Aloe vera shouldn’t be used by children under 12 years, by people with possible appendicitus or cirrhosis of the liver, intestinal obstruction, acutely inflamed intestinal diseases e.g. Crohn’s disease, ulcerated colitis, or abdominal pain of unknown origin.
Although there are more than 200 Aloe species, this information sheet is about Aloe Vera Barbadensis. As a succulent, you may have already noted that the leaf repairs itself after being cut or injured. All succulents have amazing self repairing and water holding abilities.
According to extensive research being conducted on this remarkable healing plant, Aloe Vera is capable of penetrating our skin up to 5 times faster than water. The plant captures water in an internal matrix of unique long – chain polysaccharides; which enables this group of drought tolerant plants to swell to around 130% their usual size as they absorb water. Aloe Vera is also capable of penetrating tissues up to 7 layers deep which makes this a plant most valuable in skin care and when taken internally, its unique polysaccharides stimulate the immune system and the cell membranes.
One study published in “international immunopharmacology (1995)”, showed that Aloe Vera polysaccharides exhibited potent macrophage – activating activities.
Taking Aloe Vera internally eases joint inflammation throughout the body from the inside out. (One needs to drink Aloe Vera for several weeks to experience this.) It also enhances the secretion of digestive enzymes and is helpful for many digestive disorders, like acid reflux IBS, and ulcers, where it soothes and protects gut lining. It also inhibits in some people histamines, which are responsible for allergic irritations and many skin problems. It has soothing, hydrating, cooling and moistening effects and accelerates the regeneration of new skin tissue. It helps promote healthier skin and hair. Keratin the primary protein of hair and nails consists of amino acids, oxygen, carbon, hydrogen, nitrogen and sulfur. Aloe Vera’s chemical makeup is similar to that of keratin, it rejuvenates the hair, giving more elasticity and preventing splitting. It also revitalizes the scalp, being helpful to the healing of dandruff and psoriasis.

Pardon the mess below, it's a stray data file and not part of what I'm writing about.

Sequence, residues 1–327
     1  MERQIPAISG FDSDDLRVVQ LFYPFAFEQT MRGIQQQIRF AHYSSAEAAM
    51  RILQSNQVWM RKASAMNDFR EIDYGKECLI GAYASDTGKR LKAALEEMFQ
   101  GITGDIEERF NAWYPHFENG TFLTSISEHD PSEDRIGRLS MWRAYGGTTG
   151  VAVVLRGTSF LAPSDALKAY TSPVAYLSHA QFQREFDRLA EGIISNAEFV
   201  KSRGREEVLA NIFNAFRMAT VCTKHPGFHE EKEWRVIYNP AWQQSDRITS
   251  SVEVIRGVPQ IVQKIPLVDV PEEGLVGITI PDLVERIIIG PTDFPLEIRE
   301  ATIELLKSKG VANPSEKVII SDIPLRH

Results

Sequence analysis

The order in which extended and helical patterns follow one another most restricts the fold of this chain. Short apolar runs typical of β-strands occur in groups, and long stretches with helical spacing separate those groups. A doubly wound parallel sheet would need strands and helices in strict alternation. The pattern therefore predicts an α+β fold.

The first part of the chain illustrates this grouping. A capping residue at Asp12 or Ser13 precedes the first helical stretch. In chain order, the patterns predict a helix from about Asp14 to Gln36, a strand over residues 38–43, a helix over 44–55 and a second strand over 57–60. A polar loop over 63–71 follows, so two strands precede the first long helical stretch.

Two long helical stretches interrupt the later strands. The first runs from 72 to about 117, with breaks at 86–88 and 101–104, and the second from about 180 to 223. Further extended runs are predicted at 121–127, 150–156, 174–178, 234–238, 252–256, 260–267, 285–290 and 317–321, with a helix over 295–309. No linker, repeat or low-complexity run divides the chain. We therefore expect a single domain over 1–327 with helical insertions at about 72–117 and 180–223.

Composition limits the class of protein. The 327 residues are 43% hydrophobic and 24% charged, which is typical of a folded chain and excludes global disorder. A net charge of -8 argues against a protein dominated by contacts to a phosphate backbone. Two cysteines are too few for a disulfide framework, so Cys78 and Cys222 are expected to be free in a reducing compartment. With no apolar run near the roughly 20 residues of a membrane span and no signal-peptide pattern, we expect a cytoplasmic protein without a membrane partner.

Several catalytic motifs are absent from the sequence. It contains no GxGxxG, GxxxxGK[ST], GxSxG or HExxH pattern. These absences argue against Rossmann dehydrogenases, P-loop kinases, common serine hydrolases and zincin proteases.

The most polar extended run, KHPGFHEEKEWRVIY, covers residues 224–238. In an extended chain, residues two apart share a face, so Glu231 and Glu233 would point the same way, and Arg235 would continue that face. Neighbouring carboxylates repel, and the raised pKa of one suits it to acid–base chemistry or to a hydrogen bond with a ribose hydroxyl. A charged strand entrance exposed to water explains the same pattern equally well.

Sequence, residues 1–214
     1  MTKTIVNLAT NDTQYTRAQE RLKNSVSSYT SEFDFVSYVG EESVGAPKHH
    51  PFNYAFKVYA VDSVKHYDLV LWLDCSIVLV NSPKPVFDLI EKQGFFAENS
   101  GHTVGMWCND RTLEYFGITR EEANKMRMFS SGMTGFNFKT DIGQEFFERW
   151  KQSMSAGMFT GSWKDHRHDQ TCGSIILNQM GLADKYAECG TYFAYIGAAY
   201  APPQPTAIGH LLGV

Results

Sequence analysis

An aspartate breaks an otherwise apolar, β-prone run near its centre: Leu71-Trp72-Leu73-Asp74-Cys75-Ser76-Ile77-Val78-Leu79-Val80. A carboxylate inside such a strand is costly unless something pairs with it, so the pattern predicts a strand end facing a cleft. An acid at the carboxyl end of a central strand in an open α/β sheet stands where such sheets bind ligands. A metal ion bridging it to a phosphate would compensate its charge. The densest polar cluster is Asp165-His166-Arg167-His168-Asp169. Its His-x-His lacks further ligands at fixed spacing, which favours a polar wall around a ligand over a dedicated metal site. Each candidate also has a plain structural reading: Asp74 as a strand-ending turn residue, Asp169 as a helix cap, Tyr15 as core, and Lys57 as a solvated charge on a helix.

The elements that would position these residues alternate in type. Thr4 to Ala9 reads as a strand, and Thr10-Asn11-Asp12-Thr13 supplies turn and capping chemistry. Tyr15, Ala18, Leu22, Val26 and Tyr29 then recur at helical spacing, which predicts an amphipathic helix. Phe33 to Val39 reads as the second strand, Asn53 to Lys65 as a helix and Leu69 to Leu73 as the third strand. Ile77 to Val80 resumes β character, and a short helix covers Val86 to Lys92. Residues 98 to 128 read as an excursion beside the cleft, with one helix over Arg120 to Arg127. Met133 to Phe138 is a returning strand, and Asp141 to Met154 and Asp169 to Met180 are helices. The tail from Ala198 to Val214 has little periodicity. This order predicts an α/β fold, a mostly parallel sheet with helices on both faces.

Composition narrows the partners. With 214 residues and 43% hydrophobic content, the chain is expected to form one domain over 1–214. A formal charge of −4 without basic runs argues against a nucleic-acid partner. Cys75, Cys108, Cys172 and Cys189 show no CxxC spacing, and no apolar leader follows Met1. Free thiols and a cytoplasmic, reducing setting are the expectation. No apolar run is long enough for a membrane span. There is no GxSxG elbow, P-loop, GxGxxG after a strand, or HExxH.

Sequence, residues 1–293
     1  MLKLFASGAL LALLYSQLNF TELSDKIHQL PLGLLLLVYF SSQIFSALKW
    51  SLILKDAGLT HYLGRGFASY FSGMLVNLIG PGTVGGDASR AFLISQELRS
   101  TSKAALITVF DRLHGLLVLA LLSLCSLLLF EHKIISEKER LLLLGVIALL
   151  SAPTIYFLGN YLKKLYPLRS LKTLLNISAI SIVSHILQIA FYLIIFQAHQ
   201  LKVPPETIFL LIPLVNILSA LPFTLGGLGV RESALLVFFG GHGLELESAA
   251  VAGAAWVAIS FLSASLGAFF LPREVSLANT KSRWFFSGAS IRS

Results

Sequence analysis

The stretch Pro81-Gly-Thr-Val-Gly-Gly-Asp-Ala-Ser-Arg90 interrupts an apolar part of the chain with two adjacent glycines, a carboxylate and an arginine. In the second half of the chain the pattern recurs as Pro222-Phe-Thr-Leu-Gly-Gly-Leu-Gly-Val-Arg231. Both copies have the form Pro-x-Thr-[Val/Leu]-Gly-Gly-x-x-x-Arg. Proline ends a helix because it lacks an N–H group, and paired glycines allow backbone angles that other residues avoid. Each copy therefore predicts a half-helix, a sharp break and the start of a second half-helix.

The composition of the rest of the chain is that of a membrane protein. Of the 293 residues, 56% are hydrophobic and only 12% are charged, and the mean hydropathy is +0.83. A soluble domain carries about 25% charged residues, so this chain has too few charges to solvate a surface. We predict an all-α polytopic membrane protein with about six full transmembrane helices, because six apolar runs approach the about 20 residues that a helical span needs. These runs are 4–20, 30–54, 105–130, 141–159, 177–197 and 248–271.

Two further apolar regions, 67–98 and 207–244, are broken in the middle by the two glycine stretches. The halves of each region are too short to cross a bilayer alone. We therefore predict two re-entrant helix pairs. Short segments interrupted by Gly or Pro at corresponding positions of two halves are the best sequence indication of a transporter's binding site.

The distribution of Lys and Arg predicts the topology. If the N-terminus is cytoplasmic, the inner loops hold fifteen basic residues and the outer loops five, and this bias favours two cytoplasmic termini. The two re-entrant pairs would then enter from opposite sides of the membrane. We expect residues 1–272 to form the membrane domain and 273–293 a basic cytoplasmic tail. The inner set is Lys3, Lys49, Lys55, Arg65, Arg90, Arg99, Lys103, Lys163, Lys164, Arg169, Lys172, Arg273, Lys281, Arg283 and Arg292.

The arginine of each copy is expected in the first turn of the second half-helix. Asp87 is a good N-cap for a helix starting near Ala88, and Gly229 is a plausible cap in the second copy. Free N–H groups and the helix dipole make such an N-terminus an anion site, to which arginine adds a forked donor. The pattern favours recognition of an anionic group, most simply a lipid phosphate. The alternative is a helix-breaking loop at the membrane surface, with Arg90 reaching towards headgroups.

Aloe Vera is a nutrient plant, full of vitamins, minerals, and amino acids. Aloe also contains plant hormones which stimulate cell replication, making this a most significant regenerative skin, hair, mouth and immune system herb. If consuming a fresh plant extract, it is important to wash off the yellow sap portion, as this is detrimental – the latex of this yellow sap kills cells and causes digestive problems.
Aloe Vera may be drunk as the commercially available juice, but be sure to buy superior brands as many are extremely watered down products. For skin and haircare, it is available as liquid, clear gel (not the green kind), infused oil, and powder. For extensive research articles on Aloe Vera, go to “Google Scholar”.
1 – excerpts from Spirit Herbs – Native American Healing by Mary Dean Atwood, Sterling Publishing Co., New York, 1998, ISBN: 0-8069-3862-5.
2 – excerpts from Dr Viv Harris’ book ‘The Healthy Animal Handbook’ – Holistic Health for Cats and Dogs, published by Random House, New Zealand in 2006, ISBN: 1-86941-783-6.
3 – excerpts from Karina Hilterman’s book ‘A Handful of Herbs’ ISBN: 0-9751613-0-X.
Researched by Donna Lee and Sharon Fredriksson of the Herb Federation of New Zealand for Herb Awareness Week 2010.